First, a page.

A car insurance rebate mailed to a Coquitlam woman this week turned out to be a huge disappointment when the Insurance Corporation of British Columbia sent her a cheque for only $1.
“I was in disbelief and I thought: ‘this has got to be some kind of mistake or joke,’” said Shari O’Neill, whose post of a photo of the cheque went viral on social media.
The cheque is one of the first batch being mailed out by ICBC after a cyber attack hit the third-party cheque vendor, stalling the initiative.
O’Neill had two cars insured during the qualifying period of April 1 to Sept. 30, a 1994 Toyota Tacoma and a 2017 GMC Yukon, and paid about $200 a month each for the two vehicles, with a 43% discount.
She expected to receive at least $200 back for the two cars after the B.C. government said cheques would range from $25 to $400 when the rebate plan was announced in February.
WOW!! What a colossal waste of money! It literally cost more to send out this rebate from @icbc than the amt it was for. No wonder they are in the hole. $1.00, what should I spend it on? #Stupidity pic.twitter.com/YS38ipxyev— Shari O'Neill🇨🇦🍀🇮🇪 😷 (@ShariONeill12) March 29, 2021
At the time, Premier John Horgan said the one-time rebate cheques are "the largest single give-back to policy holders in Canada through COVID-19."
O’Neill said sending the cheque for $1 was a waste of time and money and it would have made more sense if the government just credited the amount on people’s insurance for the following year instead of mailing out cheques to people in amounts so small as to be useless.
Now she thinks the cheque is too small to cash because her bank charges a deposit fee, so the amount would be even less, suggesting cheques should have been only sent out if they were worth $25 or more.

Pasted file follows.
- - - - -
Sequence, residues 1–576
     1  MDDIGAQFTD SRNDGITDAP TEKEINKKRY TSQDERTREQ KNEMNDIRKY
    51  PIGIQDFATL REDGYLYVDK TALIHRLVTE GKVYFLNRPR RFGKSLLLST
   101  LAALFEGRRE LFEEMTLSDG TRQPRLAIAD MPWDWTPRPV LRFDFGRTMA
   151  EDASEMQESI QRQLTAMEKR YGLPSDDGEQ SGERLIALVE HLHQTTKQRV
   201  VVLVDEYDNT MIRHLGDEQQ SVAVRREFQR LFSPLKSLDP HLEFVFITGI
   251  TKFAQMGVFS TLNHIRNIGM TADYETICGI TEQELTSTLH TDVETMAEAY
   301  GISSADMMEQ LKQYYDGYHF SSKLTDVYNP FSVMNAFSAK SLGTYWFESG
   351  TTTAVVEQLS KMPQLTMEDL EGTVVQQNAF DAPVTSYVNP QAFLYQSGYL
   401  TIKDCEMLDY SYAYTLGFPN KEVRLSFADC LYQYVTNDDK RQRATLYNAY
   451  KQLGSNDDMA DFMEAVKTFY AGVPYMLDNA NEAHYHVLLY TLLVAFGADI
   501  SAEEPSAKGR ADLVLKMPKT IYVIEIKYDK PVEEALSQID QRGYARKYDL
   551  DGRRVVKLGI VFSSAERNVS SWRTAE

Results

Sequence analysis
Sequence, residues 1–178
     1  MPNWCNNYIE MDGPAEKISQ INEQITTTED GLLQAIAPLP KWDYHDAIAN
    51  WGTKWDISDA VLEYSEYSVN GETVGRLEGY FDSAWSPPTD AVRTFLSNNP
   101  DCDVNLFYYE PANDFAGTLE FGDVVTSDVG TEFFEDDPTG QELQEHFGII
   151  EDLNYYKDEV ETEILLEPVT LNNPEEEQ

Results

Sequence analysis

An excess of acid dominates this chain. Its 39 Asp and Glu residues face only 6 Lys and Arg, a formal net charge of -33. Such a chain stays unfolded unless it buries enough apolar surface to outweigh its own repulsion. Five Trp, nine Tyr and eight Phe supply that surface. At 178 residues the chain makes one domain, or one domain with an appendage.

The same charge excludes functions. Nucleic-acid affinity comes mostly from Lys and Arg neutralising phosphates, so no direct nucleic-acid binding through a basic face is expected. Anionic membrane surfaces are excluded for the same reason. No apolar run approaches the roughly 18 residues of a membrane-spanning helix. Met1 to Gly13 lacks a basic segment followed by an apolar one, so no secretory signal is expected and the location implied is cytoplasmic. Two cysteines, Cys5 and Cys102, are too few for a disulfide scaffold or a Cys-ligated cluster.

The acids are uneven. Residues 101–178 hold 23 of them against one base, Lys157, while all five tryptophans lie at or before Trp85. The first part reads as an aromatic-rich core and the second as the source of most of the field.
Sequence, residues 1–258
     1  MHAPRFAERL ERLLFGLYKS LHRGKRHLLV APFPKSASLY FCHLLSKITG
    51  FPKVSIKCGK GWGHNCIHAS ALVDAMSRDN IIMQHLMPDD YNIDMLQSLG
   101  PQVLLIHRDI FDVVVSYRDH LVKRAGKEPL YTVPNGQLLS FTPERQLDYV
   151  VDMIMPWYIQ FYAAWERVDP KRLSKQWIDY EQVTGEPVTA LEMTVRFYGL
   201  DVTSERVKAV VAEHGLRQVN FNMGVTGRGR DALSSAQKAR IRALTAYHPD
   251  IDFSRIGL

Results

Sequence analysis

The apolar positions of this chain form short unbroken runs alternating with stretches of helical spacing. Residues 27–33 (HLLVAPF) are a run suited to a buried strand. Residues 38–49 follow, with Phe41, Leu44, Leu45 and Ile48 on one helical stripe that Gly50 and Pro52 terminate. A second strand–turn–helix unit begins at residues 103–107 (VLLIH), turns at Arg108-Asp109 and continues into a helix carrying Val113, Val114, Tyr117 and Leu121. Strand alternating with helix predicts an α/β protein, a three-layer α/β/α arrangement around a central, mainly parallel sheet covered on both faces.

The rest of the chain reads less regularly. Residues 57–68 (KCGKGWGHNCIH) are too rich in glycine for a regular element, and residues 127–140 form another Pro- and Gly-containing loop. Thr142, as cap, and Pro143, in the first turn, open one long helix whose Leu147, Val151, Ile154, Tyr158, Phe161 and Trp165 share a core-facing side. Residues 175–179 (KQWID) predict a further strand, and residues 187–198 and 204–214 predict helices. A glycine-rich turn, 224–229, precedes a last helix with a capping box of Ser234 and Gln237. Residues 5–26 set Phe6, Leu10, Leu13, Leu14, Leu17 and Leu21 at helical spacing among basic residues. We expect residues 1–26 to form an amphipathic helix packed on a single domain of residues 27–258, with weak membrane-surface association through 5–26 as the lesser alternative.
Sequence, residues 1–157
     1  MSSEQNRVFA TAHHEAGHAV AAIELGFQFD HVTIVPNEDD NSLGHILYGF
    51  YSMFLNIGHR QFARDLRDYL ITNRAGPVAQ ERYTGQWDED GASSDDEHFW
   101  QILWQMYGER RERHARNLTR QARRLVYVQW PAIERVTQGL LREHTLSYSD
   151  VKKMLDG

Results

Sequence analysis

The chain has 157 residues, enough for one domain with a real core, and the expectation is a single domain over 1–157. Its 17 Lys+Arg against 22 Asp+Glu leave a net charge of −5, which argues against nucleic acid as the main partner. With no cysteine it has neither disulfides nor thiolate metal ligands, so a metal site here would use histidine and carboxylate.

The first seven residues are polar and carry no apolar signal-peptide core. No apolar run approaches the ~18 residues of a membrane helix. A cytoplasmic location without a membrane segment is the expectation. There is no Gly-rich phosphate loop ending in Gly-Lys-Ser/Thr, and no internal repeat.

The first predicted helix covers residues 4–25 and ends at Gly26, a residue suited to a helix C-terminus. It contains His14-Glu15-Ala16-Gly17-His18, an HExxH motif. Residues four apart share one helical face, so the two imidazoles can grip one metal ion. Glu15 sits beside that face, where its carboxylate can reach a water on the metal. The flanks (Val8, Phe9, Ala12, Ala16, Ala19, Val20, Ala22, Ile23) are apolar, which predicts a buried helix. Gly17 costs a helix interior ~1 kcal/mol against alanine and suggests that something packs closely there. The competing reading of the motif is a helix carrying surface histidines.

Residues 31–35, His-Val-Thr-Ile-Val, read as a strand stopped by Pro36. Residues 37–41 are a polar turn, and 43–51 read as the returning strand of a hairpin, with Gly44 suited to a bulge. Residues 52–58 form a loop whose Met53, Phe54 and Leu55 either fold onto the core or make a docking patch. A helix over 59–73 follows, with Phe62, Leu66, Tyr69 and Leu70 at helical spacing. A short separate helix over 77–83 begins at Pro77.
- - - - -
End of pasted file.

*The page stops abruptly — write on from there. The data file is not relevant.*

“At least you could buy groceries or gas with it,” she said.
ICBC responded to her concerns in a Tweet noting that everyone would get a cheque even if it was only $1, a reversal of earlier policy to only rebate people for $5 or more.
Solicitor General Mike Farnworth, who is the minister responsible for ICBC and a Port Coquitlam MLA, said in February the rebates were the result of balancing lower claims costs during the pandemic with other considerations, such as lower premium revenues.
"The vast majority of people who insured their vehicles in the early months of the pandemic will see on average a rebate of $190," he said at the time.
O’Neill now worries drivers with less experience, more accidents and higher premiums are getting the bigger rebates while those with experience and a clean, no-accident driving rebate, are getting $1 cheques. She’s heard that some people are getting rebates of less than $1.
“Too bad for me, I’m a responsible driver,” she told the Tri-City News.
On its website, ICBC stated that it has begun mailing COVID-19 rebate cheques in small batches directly to eligible customers and continues to work on options to send out more cheques in the coming weeks.
The slow roll out of ICBC rebate cheques is because of a cyberattack on the Ontario vendor, which is still being investigated.
ICBC says it is confident that no customer information was obtained by unauthorized parties.
“The event did not impact ICBC's systems, which are secure,” wrote the insurance provider in a press release this week.
ICBC estimates that 0.2% of cheques will have a value of $1.
"The number of small dollar refunds is very low and it is more efficient for ICBC to issue a cheque as part of a proactive refund process than to have customers call us to request a low-dollar cheque, which would require ICBC to manually issue a one-off cheque at a later date," said a spokesperson from ICBC.